The Cherry Picker's Daughter is an exquisite portrait of growing up Aboriginal on the fringes of outback towns in NSW in the mid-twentieth century. It is an important book for school libraries and classrooms, with profound insights into the extraordinary strength, resilience and ingenuity of Aboriginal families to overcome extreme poverty, persecution, racism and cultural genocide.
The strength of family ties in Aboriginal communities is clearly evident when 3-month-old Kerry and her brother lost both parents. Her father, Kevin Gilbert ― later to become a famous activist and artist ― killed their mother and was jailed for many years.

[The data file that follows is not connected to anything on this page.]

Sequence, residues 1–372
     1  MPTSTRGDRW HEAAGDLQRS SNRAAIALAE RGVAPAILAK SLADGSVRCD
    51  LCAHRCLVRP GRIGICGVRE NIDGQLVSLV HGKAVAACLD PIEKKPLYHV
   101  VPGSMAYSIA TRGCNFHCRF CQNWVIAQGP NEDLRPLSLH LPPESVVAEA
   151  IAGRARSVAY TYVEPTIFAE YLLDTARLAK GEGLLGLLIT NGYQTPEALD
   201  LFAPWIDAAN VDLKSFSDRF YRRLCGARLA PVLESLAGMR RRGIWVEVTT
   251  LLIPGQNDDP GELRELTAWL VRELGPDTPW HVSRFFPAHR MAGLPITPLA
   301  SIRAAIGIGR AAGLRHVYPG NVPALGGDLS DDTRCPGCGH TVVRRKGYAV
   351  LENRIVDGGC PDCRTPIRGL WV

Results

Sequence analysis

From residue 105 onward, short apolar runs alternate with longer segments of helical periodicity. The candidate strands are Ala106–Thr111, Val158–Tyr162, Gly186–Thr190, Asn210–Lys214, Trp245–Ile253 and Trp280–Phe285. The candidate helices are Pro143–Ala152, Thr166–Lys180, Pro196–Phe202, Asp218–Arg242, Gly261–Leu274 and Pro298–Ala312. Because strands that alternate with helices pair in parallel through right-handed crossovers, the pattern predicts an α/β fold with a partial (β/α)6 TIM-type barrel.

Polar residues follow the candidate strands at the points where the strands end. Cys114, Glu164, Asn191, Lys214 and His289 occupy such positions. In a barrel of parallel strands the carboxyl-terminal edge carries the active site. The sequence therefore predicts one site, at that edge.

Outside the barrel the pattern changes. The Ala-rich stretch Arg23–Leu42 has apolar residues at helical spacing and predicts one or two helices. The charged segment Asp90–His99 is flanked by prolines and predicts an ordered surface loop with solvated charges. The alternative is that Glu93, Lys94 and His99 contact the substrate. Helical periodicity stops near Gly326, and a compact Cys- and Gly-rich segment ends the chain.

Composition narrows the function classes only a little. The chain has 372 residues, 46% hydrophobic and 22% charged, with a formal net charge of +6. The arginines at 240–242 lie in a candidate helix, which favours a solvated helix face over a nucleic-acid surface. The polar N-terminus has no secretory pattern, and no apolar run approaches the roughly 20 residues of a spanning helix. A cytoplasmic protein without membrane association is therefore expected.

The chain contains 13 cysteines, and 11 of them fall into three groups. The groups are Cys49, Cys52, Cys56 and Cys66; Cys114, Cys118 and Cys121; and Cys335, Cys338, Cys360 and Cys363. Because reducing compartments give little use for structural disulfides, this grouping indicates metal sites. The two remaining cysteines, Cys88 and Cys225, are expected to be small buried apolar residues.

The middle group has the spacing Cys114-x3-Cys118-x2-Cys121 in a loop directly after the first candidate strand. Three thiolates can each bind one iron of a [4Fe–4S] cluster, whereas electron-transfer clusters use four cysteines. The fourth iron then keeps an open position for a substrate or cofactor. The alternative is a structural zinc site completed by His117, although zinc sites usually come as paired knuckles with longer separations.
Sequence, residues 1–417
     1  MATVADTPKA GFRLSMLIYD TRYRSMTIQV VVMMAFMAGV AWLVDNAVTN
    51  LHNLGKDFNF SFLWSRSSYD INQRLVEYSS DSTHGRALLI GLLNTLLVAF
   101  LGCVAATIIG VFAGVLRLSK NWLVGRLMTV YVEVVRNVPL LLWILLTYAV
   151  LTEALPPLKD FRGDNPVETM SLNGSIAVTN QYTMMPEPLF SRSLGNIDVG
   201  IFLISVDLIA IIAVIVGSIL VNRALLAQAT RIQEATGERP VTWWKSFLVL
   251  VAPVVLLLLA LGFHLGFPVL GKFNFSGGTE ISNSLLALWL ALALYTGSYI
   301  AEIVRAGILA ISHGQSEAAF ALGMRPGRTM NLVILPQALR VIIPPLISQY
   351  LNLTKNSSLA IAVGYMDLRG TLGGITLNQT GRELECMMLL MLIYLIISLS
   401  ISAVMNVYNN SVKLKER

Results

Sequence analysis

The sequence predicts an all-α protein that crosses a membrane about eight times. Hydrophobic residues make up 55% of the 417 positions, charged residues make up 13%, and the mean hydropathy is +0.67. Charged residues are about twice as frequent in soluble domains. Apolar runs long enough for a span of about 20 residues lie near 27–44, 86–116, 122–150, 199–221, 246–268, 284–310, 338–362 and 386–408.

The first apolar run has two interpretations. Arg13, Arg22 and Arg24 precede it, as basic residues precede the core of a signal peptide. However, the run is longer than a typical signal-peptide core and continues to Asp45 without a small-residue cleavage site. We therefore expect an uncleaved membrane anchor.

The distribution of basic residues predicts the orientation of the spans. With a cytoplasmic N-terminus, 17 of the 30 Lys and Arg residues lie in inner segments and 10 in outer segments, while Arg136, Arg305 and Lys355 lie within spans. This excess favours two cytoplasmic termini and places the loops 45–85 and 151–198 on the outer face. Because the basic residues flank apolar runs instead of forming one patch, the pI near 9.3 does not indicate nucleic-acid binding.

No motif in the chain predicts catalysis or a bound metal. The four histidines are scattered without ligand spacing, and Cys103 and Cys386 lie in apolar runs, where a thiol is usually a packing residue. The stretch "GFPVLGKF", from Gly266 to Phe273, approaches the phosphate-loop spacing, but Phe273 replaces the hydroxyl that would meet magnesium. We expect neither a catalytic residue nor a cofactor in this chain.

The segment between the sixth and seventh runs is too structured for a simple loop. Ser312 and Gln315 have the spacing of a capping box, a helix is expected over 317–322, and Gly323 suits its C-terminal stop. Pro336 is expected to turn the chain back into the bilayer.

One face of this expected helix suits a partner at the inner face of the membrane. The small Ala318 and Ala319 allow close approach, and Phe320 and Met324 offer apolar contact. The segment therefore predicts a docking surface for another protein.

Her father's sister, whom she always called 'Mummy', raised Kerry and her brother, along with her own children and others within the extended family. The book is a tribute to this truly remarkable woman, who not only loved them selflessly and worked tirelessly to support them, but also managed to keep them from being taken by the government.
Told in the child's voice and in the vernacular of her Mob, activist, artist, poet and author, Aunty Kerry, tells her story of love and loss, of dispossession and repeated dislocation growing up in corrugated tin huts, tents and run-down train carriages, of helping her family earn a living, and the impact of life as an Aboriginal state ward living under the terror of Protection Laws.
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